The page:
# Calculating variance, how to determine when to use 1/n or 1/(n-1)?

I'm learning multivariate analysis. I am asked to calculate covariance of $$X=\begin{pmatrix} 3&7 \\ 2&4 \\ 4&7 \end{pmatrix}$$

According to P8 of Applied Multivariate Statistical Analysis written by Richard A. Johnson,

$$s_{ik}=\frac{1}{n}\sum^{n}_{j=1}(s_{ji}-\bar{x}_i)(s_{jk}-\bar{x}_k)$$ $i=1,2,\ldots,p$ , $k=1,2,\ldots,p$.

However, when I using R to compute covariance. It is following this formula $$s_{ik}=\frac{1}{n-1}\sum^{n}_{j=1}(s_{ji}-\bar{x}_i)(s_{jk}-\bar{x}_k)$$

I do not know why they are difference? How to determine when to use $\frac{1}{n}$ or $\frac{1}{n-1}$ ?

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Please use \sum for sums, instead of \Sigma. – Did Nov 24 '12 at 17:25

The use of $n-1$ rather than $n$ is Bessel's correction.

To find the variance of a probability distribution that puts probability $1/n$ at each of $n$ points, you use $1/n$, not $1/(n-1)$. The denominator $n-1$ is used ONLY when estimating a population variance based on a sample variance. It makes the estimator unbiased.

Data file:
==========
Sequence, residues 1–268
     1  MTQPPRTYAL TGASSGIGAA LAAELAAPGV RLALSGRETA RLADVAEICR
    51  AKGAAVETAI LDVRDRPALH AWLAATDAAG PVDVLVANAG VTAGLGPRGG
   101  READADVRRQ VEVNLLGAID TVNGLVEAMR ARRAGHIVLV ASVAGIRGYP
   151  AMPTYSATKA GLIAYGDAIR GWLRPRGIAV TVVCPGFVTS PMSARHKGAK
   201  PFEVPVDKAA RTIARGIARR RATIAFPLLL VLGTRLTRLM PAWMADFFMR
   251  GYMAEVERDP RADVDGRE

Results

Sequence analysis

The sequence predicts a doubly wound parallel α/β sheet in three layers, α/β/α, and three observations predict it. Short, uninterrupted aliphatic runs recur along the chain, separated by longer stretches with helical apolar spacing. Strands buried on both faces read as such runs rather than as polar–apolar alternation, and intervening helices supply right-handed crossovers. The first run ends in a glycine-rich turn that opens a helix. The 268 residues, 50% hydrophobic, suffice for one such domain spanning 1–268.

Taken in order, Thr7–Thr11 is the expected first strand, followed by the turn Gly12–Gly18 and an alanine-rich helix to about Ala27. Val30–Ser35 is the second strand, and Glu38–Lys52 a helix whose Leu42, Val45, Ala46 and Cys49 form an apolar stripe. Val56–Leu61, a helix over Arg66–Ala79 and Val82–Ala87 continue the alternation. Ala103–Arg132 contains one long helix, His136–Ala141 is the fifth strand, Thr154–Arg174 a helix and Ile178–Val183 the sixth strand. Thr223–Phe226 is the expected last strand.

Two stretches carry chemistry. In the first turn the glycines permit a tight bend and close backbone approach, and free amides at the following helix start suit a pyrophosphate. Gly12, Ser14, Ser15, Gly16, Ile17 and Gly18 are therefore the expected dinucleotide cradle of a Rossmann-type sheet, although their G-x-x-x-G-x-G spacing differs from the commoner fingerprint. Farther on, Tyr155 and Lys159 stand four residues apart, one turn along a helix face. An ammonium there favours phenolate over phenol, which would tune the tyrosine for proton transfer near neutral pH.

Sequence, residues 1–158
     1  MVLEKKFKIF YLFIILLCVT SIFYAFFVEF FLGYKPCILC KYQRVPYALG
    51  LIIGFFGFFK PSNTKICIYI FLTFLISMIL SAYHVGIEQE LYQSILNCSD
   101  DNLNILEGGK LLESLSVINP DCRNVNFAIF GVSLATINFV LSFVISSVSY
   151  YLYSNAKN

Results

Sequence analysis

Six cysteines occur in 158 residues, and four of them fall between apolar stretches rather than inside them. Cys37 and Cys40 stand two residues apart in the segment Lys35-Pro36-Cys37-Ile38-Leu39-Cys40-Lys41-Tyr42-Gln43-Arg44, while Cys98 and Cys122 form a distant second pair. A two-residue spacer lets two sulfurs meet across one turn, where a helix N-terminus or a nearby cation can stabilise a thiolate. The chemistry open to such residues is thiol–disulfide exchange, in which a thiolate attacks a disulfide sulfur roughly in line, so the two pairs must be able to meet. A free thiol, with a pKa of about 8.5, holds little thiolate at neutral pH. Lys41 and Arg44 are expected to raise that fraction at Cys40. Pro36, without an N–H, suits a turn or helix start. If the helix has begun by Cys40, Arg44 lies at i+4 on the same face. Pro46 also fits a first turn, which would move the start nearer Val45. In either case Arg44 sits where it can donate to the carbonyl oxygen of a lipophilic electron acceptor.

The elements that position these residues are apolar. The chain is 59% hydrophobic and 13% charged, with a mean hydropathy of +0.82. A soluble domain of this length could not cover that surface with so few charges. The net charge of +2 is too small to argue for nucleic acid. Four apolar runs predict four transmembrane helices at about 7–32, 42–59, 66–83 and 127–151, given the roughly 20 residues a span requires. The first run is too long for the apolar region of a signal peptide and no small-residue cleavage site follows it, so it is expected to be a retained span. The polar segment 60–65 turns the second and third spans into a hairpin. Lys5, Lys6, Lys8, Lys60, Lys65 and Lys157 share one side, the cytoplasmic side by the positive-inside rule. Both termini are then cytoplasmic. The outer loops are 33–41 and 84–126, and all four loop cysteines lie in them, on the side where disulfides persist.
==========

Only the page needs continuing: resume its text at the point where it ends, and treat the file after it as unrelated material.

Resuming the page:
Unbiasedness is slightly overrated. You get a smaller mean squared error with the biased estimator in which the denominator is $1/n$, and smaller still (in fact smallest possible) when it's $1/(n+1)$.

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Both estimators are consistent. The estimator with $1/(n-1)$ is unbiased.

http://en.wikipedia.org/wiki/Bias_of_an_estimator#Sample_variance

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